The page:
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The good old days

By David Piltz

When your parents go on about the good old days, they might be exaggerating. No iPad, no mobile phones, no Sky; and holidays meant a week in a caravan in Bognor (probably in the rain).

While there are exceptions, the UK, along with most of its trading partners, appears to have moved past the eye of the global economic recession storm. While most countries’ economies are now recovering, the rate of recovery is slow and not expected to speed up significantly any time soon. With historically low interest rates, both inflation and growth are unlikely to meet pre-recession rates for a decade. Experts are questioning whether bonds will ever again deliver the sort of rate they once did. Those saving into defined contribution pension schemes in the hope of providing a meaningful retirement income could, of course, decide to take more risk. By that I mean equity risk, not investing in dubious overseas investments presently on offer from some very clever pension scammers, whose glossy brochures are a tribute to the number of people who have already fallen for their patter (and who wish they had gone to Bognor). However, the only real solution (perhaps alongside more equity risk) is to pay more into your defined contribution pension scheme for longer.

The largest employers have been subject to the automatic enrolment requirements for three years this October. So far, automatic enrolment has been a success as the number of people saving for retirement has increased dramatically. The problem is they are not saving enough. There were calls at a recent conference in London run by Nest for automatic enrolment contributions to be increased to 12 per cent by 2022, which by then will not be miles away from the rate being used in Australia, which had a head start over the UK in its equivalent of auto-enrolment. It is due to hit 12 per cent under its superannuation guarantee in 2022–23. The then pensions minister, Steve Webb, thought 12 per cent on the high side, especially for someone young starting out in a new job.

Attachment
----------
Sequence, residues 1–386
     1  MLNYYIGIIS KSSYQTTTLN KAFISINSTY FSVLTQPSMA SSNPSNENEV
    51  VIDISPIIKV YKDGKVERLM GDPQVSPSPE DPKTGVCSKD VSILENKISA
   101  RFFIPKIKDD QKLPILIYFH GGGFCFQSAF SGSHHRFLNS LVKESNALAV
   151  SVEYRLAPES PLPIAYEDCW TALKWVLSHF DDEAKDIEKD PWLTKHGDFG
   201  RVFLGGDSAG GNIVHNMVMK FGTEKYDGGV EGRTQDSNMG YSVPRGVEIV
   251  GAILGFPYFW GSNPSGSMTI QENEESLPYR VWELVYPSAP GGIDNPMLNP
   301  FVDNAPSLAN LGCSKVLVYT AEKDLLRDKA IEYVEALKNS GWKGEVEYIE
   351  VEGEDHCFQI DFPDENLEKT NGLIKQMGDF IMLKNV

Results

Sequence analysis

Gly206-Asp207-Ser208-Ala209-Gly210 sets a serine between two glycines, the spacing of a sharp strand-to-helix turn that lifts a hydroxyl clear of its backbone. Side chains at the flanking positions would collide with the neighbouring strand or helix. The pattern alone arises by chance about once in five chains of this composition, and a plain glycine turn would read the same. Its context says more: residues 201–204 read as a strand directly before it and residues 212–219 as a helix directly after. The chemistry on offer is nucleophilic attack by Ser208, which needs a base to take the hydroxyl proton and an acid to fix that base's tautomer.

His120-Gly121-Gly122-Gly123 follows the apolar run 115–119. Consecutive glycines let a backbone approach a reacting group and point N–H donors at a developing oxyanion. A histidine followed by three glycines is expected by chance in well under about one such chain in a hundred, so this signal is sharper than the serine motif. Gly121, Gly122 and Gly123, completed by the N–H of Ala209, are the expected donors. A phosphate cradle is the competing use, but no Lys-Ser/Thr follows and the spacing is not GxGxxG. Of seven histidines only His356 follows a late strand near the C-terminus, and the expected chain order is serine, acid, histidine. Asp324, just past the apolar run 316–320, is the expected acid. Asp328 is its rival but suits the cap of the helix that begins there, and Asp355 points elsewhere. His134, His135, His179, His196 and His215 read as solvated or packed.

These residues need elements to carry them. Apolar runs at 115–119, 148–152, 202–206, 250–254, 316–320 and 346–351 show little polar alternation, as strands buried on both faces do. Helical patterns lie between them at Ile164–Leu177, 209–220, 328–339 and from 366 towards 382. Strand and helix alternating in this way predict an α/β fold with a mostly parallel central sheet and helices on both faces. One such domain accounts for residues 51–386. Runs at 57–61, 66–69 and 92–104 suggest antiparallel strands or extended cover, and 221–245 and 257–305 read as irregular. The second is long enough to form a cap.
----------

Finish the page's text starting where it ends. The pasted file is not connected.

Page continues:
However, if recognised investment returns are going to remain low, and you don’t believe the promises of those selling timeshare/property development in some overseas locations (and my advice is that if it seems too good to be true it probably is; if you want to buy a hotel, have you thought of Bognor?), then a significant increase in contributions is needed, and the Australians may indeed have hit on the correct level. One of the challenges the new pensions minister, Ros Altmann, is facing is how to substantially increase both employer and employee automatic enrolment contributions over the next five years without large numbers of those who have been automatically enrolled opting out. Not a problem in Australia, where contributions are compulsory.

Then there is the thorny question of trying to get us all to work longer, assuming of course we are healthy enough to do so. Australia has introduced plans to raise its old-age pension age to 70 by 2035. By working longer, you put away more and draw out for fewer years. For many, the dream of retiring at the same age as your parents has long since died. Further increase in our state pension age is sadly inevitable. There is a pension arrangement, of course, which could dramatically improve the situation overnight; it’s called a ‘final salary pension scheme’. If you want to know what that is, ask your Dad; it’s what he had in the good old days.

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